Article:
Tubbs and Gina lead the assault on the trailer where Trudy is being held. All of the Aryan Brotherhood are either arrested or killed and Trudy is freed. However, the remaining Aryans at the drop-off point inform Yero that the drugs have not yet arrived and he detonates the explosives in the trailer by telephone, catching Trudy in the blast and seriously wounding her. She is rushed to hospital but she falls into a coma and her situation looks bleak.
Montoya meets with Yero, demanding to know what has happened to his drugs. Yero tells him Crockett and Tubbs have stolen the shipment for themselves, and provides evidence of Crockett and Isabella’s affair to cement his position. Yero phones the Vice team soon afterwards. Although he wants them dead, they still have his product, and he needs it back. A meet is set for the following night, and Crockett demands Yero be there in person to guarantee it is for real.
The team heads to the meet with the Aryan Brotherhood. Isabella is there, along with Yero, who explains that Montoya has given her to him now; he goads Crockett by telling him he will kill her once he becomes bored of her. The Brotherhood snipers are also present, just like they were at the meeting with the FBI agents, and Crockett and Tubbs are forced to stall while Castillo and a team of Miami-Dade sharpshooters try to locate them. Isabella and Switek exchange places to check the money and the drugs when the Miami-Dade sharpshooters eliminate the Aryan snipers, triggering a large gunfight. Eventually, the Aryans are all killed, Tubbs guns down Yero and Crockett shoots Coleman dead.
When Crockett pulls out his badge to identify himself to the incoming Miami-Dade officers, Isabella realises who he really is and attacks him. Before backup can arrive he takes her away by car to a safehouse on the coast, where he promises someone will take her to Cuba and she will not be followed. They say a tearful goodbye while Tubbs, sitting at Trudy's bedside in hospital, sees his girlfriend and fellow officer come out of her coma.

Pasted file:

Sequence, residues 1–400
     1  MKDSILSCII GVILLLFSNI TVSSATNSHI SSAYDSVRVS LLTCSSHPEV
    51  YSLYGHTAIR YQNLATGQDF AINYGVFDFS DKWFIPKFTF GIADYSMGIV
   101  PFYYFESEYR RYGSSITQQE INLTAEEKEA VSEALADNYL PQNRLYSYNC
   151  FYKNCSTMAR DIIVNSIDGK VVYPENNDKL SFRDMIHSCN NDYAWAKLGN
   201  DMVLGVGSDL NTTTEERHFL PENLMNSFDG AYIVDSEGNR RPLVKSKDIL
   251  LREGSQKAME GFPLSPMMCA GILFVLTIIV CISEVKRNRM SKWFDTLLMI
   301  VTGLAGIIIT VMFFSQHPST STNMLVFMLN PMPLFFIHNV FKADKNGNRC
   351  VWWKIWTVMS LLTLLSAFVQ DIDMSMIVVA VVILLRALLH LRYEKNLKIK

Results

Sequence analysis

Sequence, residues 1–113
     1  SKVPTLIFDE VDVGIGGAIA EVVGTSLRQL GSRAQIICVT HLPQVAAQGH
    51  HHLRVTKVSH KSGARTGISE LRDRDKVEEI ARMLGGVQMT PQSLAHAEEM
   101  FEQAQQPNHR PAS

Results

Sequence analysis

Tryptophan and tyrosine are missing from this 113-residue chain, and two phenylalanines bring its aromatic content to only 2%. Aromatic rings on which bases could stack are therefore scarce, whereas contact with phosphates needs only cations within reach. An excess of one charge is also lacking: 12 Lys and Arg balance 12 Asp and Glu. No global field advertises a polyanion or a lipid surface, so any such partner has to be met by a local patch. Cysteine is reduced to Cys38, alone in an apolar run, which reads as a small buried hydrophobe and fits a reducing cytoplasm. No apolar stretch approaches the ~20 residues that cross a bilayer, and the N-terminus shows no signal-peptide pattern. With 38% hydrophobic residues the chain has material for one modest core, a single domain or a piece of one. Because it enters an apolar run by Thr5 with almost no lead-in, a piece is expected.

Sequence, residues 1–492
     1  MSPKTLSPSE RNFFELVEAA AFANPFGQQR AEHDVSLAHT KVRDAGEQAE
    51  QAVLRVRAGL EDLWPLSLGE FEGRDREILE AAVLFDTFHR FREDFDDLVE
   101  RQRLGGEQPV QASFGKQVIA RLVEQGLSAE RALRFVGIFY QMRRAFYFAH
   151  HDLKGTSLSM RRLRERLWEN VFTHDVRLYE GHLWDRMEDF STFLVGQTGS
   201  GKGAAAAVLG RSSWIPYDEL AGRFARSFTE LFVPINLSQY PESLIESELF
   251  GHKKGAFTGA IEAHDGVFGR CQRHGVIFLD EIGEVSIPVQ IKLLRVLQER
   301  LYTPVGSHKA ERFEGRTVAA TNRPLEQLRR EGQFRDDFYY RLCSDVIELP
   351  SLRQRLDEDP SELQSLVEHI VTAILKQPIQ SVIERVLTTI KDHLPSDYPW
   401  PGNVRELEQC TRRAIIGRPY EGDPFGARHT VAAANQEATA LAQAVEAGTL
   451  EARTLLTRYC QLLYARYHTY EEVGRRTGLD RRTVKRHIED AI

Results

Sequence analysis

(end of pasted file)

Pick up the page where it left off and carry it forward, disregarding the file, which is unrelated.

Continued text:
- Naomie Harris as Trudy Joplin
- Ciarán Hinds as FBI Agent Fujima
- Justin Theroux as Detective Zito
- Barry Shabaka Henley as Martin Castillo
- Luis Tosar as Montoya
- John Ortiz as José Yero
- Elizabeth Rodriguez as Gina Calabrese
- Domenick Lombardozzi as Detective Switek
- Eddie Marsan as Nicholas
- Isaach De Bankolé as Neptune
- John Hawkes as Alonzo Stevens
- Tom Towles as Coleman
- Mario Ernesto Sanchez as El Tiburon
According to rumors, Jamie Foxx is most directly responsible for the film adaptation of Miami Vice, mentioning his interest in such a project to Michael Mann at a wrap party for Ali. This led the director to revisit the series he had produced.
The film's Miami-based scenes were shot on location, although much of the movie's plot takes place outside of South Florida—filming also took place in Uruguay, Paraguay and the Caribbean. Hurricanes Katrina, Rita and Wilma delayed filming by a week and added considerably to the film's budget. The film was shot using digital cameras (much like Mann's earlier Collateral, and Public Enemies subsequently), giving the film a distinctive, crisp, sharp look, particularly noticeable in night-time scenes.
The movie's production was highly troubled. Many of its problems were attributed to Jamie Foxx, who was characterized as unpleasant to work with. The star apparently showed up on set with a large entourage and "something of an attitude" after winning his Best Actor Oscar for Ray. He would not participate in any scenes set on boats or planes, and he refused to fly commercially, forcing Universal Studios to give him a private jet. He even went so far as to demand a large pay rise based on his new-found stardom, while also insisting that Colin Farrell, who as of 2012 has never won an Oscar, take a pay cut. The situation came to a head when a shooting occurred on set while filming in the Dominican Republic, and Foxx walked out on the production, refusing to do any more filming outside of the United States. As a result, Mann was forced to rewrite the movie's ending, eliminating the original version that was to be shot in Paraguay and was reportedly "much more dramatic".
Mann's reputation for perfectionism also caused tension on set, particularly with his insistence on making things as realistic as possible. To this end, he would film in areas considered so dangerous that the local law enforcement refused to provide protection, prompting Mann to hire gang members as bodyguards. More than once, filming was disrupted by incidents involving shots fired, including the one that drove Foxx to walk off.